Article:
Clark County finally begins needle-exchange program
JEFFERSONVILLE, Ind. (AP) — A southern Indiana county started its needle-exchange program Thursday five months after winning state approval for one to curb the spread of hepatitis C and HIV.
Clark County’s needle exchange program allows intravenous drug users to exchange used needles for clean ones and to receive HIV and hepatitis C testing and counseling on resources for addiction treatment. The program will be open for six hours every Thursday at a clinic in Jeffersonville.
Clark County began considering an exchange following an HIV epidemic centered in neighboring Scott County linked to intravenous drug use, said Dr. Kevin Burke, the county health officer.
“We started looking at our own statistics and found that we had 25 percent more HIV/AIDS cases and 30 percent more hepatitis C cases compared to the rest of the state,” Burke said. ”(We) decided that we needed to attack the problem more directly.”
The exchange also should reduce overdoses. It will provide clients with naloxone, an antidote to reverse the effects of an opioid overdose. Clark County, located across the Ohio River from Louisville, Kentucky, last year recorded 87 fatal drug overdoses, an increase from 55 in 2015.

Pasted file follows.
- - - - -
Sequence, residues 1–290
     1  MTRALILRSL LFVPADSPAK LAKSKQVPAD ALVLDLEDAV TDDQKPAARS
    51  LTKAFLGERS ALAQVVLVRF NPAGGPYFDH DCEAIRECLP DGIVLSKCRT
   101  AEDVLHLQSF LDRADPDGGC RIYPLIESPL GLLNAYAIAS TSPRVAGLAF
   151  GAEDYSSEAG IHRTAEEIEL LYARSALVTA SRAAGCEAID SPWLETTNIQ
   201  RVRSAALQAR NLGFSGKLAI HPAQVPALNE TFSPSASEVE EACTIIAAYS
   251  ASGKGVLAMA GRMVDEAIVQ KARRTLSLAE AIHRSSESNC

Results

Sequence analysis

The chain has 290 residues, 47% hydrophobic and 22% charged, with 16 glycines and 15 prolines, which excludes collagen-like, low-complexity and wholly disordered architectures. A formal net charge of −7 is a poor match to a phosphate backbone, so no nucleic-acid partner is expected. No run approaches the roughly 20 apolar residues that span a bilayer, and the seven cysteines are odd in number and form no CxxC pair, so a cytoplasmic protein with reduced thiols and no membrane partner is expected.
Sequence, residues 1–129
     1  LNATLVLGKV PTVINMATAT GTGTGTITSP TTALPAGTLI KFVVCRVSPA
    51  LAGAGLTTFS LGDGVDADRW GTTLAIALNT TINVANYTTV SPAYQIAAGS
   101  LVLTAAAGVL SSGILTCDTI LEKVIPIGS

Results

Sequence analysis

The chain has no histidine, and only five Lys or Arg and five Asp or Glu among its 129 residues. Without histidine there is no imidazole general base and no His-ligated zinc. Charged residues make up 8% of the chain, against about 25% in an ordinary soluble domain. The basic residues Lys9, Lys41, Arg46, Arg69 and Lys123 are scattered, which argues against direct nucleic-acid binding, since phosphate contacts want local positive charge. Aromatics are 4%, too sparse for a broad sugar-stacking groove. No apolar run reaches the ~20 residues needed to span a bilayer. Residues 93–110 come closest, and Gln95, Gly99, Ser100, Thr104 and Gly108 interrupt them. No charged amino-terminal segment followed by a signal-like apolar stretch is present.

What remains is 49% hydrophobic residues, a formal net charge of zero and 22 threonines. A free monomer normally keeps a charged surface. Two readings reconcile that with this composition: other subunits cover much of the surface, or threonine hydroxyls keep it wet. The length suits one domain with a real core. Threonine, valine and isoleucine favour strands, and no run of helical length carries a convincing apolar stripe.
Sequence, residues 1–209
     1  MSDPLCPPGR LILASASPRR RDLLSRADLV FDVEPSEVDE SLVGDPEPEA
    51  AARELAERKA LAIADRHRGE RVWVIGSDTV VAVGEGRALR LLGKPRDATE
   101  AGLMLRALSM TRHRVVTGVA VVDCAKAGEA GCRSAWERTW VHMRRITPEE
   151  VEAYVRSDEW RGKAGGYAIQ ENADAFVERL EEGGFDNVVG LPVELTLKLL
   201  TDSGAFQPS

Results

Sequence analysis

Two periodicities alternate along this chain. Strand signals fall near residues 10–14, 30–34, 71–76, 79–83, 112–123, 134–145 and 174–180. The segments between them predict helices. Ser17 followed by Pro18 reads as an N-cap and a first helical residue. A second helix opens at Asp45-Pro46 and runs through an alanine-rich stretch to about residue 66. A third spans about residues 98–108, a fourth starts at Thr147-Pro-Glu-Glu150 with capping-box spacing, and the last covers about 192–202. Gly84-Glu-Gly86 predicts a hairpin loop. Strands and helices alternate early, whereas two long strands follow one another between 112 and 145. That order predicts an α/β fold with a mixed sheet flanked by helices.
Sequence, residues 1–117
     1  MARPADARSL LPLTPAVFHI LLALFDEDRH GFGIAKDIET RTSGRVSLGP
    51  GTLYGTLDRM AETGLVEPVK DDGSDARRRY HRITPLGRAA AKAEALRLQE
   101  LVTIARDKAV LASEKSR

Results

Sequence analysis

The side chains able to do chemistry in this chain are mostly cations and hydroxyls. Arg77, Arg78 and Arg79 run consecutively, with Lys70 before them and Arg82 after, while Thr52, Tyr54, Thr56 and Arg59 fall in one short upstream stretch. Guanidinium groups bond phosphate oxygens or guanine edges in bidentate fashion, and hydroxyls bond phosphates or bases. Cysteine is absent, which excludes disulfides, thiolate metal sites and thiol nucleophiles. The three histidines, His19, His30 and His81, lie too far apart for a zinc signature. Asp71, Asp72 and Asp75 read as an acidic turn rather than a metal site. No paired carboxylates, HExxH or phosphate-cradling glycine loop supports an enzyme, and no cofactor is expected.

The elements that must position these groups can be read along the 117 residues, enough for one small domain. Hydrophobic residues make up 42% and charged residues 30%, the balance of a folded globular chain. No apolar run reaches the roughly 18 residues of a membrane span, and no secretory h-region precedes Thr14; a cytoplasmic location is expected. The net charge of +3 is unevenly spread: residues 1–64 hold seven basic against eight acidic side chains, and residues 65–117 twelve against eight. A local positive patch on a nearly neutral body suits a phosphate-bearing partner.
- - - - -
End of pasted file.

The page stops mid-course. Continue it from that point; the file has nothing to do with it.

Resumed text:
Delladee Grant, who said her stepson is a recovering heroin addict, went to a preview of the exchange Wednesday to get more information about the services it will offer.
“I have a lot of people in my life affected by intravenous drug use,” Grant told The (Louisville) Courier-Journal. “You can’t have enough help when it comes to addiction.”
Clark County’s exchange was approved by the state in August, but it did not have funding until it received a $7,000 grant in October from the Health Foundation of Greater Indianapolis. Philanthropic partnerships will pay for supplies. It will be run largely by volunteers.
Needle-exchange programs have been approved for nine of Indiana’s 92 counties. The others are Allen, Fayette, Lawrence, Madison, Monroe, Scott, Tippecanoe and Wayne counties.